Far and away the best approach is to address the problem directly and build mitigation into the primary surveillance radar’s design. By addressing the issues in each part of the radar system, new designs should be able to manage wind farm clutter much more effectively whilst maintaining good detection performance against aircraft targets.
Because almost every element of a radar system may be vulnerable to wind turbine effects, it is necessary to look at these design aspects from signal generation and receivers at the front end through the whole signal processing chain to plot and track extraction at the back end of the system3.
This approach has only become practical in recent years with the availability of large dynamic range components to eliminate the possibility of saturation or limiting and high performance signal processing hardware capable of applying sophisticated and sometimes intensive wind farm mitigating signal processing algorithms.
At BAE Systems, we have developed the Watchman Update, designed specifically to address the wind farm issue. Results from recent trials indicate that it is effective against both on- and offshore wind farms, eliminating wind turbine false alarms and maintaining very high detection performance against aircraft. In the meantime, while not specifically designed to mitigate wind farms, some other recent radar designs do appear to have somewhat improved resilience to wind farms as a result of incorporating new technology. NATS are also currently evaluating a wind farm specific mitigation suite from their radar supplier for application to their fleet of radars.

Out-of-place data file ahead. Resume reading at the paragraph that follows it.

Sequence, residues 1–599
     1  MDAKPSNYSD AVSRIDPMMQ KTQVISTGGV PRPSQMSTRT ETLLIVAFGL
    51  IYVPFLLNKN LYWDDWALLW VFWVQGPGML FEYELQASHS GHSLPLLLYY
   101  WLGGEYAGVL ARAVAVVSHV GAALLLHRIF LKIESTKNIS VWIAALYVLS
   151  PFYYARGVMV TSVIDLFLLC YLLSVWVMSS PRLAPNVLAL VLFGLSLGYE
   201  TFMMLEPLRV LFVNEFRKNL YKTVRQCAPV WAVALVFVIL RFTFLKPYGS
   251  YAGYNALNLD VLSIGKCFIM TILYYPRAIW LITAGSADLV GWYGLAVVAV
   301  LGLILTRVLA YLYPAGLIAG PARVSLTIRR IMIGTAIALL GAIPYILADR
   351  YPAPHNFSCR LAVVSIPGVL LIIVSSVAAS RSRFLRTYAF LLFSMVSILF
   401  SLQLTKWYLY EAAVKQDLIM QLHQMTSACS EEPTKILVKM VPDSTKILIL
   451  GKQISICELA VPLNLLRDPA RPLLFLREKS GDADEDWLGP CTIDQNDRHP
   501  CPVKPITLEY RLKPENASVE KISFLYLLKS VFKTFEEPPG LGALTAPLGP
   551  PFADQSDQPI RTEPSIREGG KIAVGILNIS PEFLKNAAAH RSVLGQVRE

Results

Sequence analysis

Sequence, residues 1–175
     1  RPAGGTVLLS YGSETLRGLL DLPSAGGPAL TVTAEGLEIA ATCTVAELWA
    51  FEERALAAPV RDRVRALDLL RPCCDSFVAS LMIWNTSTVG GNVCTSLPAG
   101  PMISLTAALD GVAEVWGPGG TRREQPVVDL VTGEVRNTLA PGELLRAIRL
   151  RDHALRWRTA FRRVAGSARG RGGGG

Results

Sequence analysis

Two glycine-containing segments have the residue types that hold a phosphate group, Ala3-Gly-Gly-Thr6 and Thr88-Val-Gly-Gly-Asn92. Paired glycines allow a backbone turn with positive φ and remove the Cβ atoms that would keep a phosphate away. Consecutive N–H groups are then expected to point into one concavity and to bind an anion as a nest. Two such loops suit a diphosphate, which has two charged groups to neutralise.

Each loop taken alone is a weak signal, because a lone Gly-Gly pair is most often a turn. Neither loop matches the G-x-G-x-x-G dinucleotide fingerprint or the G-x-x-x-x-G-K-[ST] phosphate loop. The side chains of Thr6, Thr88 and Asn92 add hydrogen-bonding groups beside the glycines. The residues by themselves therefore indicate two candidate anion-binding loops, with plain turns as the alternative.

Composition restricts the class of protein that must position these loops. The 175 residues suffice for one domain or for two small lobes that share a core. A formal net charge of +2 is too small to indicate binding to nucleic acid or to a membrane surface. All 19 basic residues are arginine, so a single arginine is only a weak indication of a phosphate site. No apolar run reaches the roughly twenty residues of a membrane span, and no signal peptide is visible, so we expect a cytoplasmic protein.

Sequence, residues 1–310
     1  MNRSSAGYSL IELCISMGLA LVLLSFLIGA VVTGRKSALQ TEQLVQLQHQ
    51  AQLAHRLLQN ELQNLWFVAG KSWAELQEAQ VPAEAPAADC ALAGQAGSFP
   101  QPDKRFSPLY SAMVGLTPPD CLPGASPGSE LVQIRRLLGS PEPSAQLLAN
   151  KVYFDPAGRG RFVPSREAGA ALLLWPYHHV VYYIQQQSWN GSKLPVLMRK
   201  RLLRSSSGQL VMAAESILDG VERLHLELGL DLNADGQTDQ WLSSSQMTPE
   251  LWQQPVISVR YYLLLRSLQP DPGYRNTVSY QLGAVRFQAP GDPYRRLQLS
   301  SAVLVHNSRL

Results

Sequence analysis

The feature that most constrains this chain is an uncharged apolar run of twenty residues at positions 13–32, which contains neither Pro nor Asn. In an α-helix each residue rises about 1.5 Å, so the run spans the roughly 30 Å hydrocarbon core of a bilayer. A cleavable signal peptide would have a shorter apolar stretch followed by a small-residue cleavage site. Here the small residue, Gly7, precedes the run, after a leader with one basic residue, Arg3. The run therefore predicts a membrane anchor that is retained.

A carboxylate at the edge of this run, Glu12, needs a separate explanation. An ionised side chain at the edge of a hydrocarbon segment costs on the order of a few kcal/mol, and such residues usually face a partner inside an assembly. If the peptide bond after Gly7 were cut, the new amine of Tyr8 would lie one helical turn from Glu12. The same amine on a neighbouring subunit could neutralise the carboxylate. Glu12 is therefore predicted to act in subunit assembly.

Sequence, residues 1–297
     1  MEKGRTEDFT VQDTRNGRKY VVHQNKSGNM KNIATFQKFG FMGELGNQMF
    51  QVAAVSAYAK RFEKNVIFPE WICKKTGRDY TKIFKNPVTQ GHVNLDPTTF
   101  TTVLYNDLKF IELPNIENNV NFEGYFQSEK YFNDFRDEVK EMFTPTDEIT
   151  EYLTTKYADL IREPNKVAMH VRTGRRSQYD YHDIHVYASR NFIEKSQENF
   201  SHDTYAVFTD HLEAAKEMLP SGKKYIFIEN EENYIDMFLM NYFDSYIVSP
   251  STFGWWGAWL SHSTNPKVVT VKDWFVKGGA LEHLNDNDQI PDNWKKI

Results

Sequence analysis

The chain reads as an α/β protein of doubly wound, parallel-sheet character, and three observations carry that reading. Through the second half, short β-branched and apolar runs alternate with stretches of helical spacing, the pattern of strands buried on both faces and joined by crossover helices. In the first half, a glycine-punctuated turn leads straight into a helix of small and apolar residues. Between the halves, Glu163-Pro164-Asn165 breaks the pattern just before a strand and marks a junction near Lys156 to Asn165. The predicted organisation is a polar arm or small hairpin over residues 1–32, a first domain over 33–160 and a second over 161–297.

The key advantages of mitigating the primary radar is that the mitigation is applicable to wind farms anywhere within the radar’s coverage area, is self-contained on site, interfaces to existing equipment and infrastructure can remain the same and the mitigation has no impact on other systems apart from improved performance. This makes achieving an aviation safety case and maintaining such a system much simpler.
Wind turbines are a mature renewable technology and, with increasing pressure in governments to reduce carbon generation, it is likely that more wind farms will be built. However, wind turbines, can cause clutter, desensitisation and tracking problems for ATC radar. ATS providers thus take a conservative view on wind farm deployment and often end up in conflict with wind farm developers.